* Photo supplied. Inside look: One of the Corrections Corporation of America’s 65 jails.
* Photo supplied. Inside look: One of the Corrections Corporation of America’s 65 jails.
Sending Bermuda's most dangerous criminals to private prisons in the U.S. could slash the cost of locking them up by 75 per cent.

The proposal to ship prisoners to jails overseas was put forward by Government to address claims that Westgate is a soft option and no deterrent to the gun-toting thugs causing mayhem on the streets.

But the policy - if it gets off the ground - could be an economic boon as well.

Private prisons are a booming industry in the U.K. and U.S., where security firms boast that they have helped to cut the cost of housing criminals by thousands of dollars.

The Corrections Corporation of America -which operates 65 prisons in 20 states - told us yesterday that costs vary widely with the national average running to around $60 a day per prisoner.

That amounts to just over $20,000 annually - a quarter of the $80,000 yearly cost of locking someone up in Bermuda.

The Nashville-based firm charges a flat, daily rate per prisoner and has deals with local authorities all over the States as well as Federal Law enforcement agencies.

They do not currently take prisoners from overseas but Louise Grant, spokesperson for the firm, said they would be open to discussing contractual arrangements with foreign governments.

She said Bermuda officials should get in touch with chief development officer Tony Grande, if they were serious about the plan.

Neither Premier Dr. Ewart Brown or Public Safety Minister Colonel David Burch where able to provide any details on their proposal at a press conference on Tuesday.

And it remained unclear yesterday whether the idea had gone beyond the discussion stages.

Defence lawyer Mark Pettingill said he had put forward the same proposal several years ago along with figures suggesting private U.S. prisons could be a cheaper option than incarcerating people locally.

The Bermuda Democratic Alliance MP said he was fully behind the plan and urged Government to get on with it. He said some criminals needed a tougher regime than Westgate provided.

The Dockyard facility has long been regarded as 'easy time' by both prisoners and police.

The Premier acknowledged this on Tuesday, saying it was perceived in some quarters as "less than a prison".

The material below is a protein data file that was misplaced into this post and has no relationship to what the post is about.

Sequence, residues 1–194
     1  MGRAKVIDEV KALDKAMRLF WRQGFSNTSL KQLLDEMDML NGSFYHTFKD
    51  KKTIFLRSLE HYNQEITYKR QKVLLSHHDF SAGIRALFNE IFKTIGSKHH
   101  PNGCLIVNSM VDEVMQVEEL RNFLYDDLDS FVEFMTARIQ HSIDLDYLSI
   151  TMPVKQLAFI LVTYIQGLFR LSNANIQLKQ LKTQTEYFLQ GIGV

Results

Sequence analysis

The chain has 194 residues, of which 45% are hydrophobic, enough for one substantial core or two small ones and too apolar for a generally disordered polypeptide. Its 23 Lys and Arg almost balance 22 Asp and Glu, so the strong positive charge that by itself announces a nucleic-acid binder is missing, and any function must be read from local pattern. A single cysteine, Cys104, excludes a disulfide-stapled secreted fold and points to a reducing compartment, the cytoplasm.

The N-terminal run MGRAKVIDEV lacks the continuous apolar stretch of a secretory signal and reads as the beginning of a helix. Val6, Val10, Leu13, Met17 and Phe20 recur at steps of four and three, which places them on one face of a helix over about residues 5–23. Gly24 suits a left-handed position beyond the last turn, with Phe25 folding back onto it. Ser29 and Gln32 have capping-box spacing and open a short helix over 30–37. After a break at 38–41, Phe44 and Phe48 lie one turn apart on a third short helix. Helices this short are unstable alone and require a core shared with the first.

One ex-con told the Bermuda Sun criminals could get anything they wanted in jail, "except for women". Some prisoners are known to communicate with friends and family on cell phones while they are inside.

And police officers have previously complained that gang members return from a stretch at Westgate rested, packing 20lbs of extra muscle and ready to resume their criminal activity.

Commissioner of Prisons Colonel Eddie Lamb was off the island yesterday and neither of his assistants would comment.

But Mr. Pettingill said sending prisoners overseas was "not an admission of defeat" over Westgate - just a sensible way of saving cash and adding an extra level of sentencing power for the worst criminals.

He said taking prisoners out of their local environment would make it much tougher for them to maintain links with criminals on the outside or to use their contacts to get drugs.

"It makes sense because it is cheaper and it makes sense from a punitive point of view," he said.

The cost of flying prisoners out to the U.S. on private planes would have to be factored in to the equation. But, based on any cost estimate, it would still be considerably cheaper than Westgate.

Mrs. Grant, vice president of marketing and communications at CCA, said costs varied widely depending on the prison and the level of rehabilitation services provided. Serial sex offenders with complex counselling requirements would be more expensive than regular offenders.

But she insisted that in every instance the firm's private prisons had proved more cost effective than Government-run facilities.

A contract with the state of California reduced the cost from $130 a day per prisoner to $63 a day.

She insisted the prisons were tough but fair.

"Our facilities operate on the basis of fair, humane detention. We do emphasise rehabilitation programmes for the inmates in our care - education, work training, substance abuse treatment, faith based programmes. A lot of our inmates come out with GEDs or trade certificates.

"All of those things are indicators that they will be more productive once they are released."

The U.K. also operates a number of private prisons with firms like G4 security running facilities on a similar model.

Premier Brown and Minister Burch did not respond to requests yesterday for further information on the overseas incarceration policy.

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